The other insidious part of the story is that quite a few people invested in Caritas knowing that it was a fraud. But they calculated that they could get in and out before the pyramid disintegrated.
It is often said that Donald Trump is a confidence artist, a snake-oil salesman, a fraudster. The truth is much more disturbing. The U.S. president is a Ponzi scheme unto himself. He has gotten many hardworking people to invest their hopes and dreams in him.
It is often said that Donald Trump is a confidence artist, a snake-oil salesman, a fraudster. The truth is much more disturbing. The U.S. president is a Ponzi scheme unto himself. He has gotten many hardworking people to invest their hopes and dreams in him.
But he has also attracted the support of the more calculating kind, those who smell an easy profit. These Trump supporters know that he is a scam (and will admit so at unguarded moments). But that hasn’t stopped them from getting in on the action, as quickly as possible, before the Trumpian pyramid begins to crumble.
With the eviction of Steve Bannon and Sebastian Gorka from the inner precincts of the White House and Secretary of State Rex Tillerson besieged and taking fire from virtually all sides, neoconservatives – even the NeverTrumpers among them – must be quietly harboring renewed hopes that their restoration may soon be within reach.
And, as should become clear Tuesday, those hopes reside largely with the Trump administration’s ambassador to the United Nations, Nikki Haley, who’s been on a tear against Iran for several weeks now. Her campaign culminated recently in her unsubstantiated claims—in contradiction to the most recent findings of her own State Department and the International Atomic Energy Agency (IAEA), not to mention Washington’s P5+1 partners—that Tehran is not in full compliance with the two-year-old Iran nuclear deal, otherwise known as the Joint Comprehensive Plan of Action (JCPOA).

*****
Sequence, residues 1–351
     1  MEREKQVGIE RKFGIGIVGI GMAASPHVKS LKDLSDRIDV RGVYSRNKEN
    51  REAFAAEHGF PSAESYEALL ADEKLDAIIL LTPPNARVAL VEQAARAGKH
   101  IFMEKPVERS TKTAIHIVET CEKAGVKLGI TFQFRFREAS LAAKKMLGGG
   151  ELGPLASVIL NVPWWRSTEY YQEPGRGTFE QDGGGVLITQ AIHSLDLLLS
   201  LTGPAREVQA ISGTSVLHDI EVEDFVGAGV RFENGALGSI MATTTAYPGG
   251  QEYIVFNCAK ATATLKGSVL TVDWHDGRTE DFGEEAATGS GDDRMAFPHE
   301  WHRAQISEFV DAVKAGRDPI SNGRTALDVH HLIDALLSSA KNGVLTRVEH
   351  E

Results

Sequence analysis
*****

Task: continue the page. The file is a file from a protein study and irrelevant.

Why Tuesday? Because Haley will give a formal policy address on Iran policy at Neocon Central, the American Enterprise Institute (AEI). That’s the same “think tank” that acted as the Bush administration’s principal cheerleader for the 2003 Iraq invasion and provided the Pentagon with a number of its “scholars” as consultants to put together the totally failed strategy that followed Washington’s conquest of Baghdad. Who can forget the machismo-filled “black coffee briefings”—featuring the likes of then-Defense Policy Committee chair Richard Perle, serially mistaken Iran “experts” Michael Rubin, Michael Ledeen, and Reuel Marc Gerecht (the last two now with the Foundation for Defense of Democracies), and former CIA director James Woolsey—that bolstered the propaganda blitz about Saddam Hussein’s alleged ties to al-Qaeda, his enormous WMD factories, his fast-developing nuclear weapons program, and the gratitude which we should all feel toward the tremendous sacrifices and promise of Ahmad Chalabi as the George Washington of Iraq? If ever there was a highly developed “echo chamber” for going to war in modern U.S. foreign policy, it was AEI that provided the initial shouting points. All of that makes the title of Haley’s impending address, “Beyond the Echo Chamber: Considerations on U.S. Policy Toward Iran,” especially ironic, not to say ominous.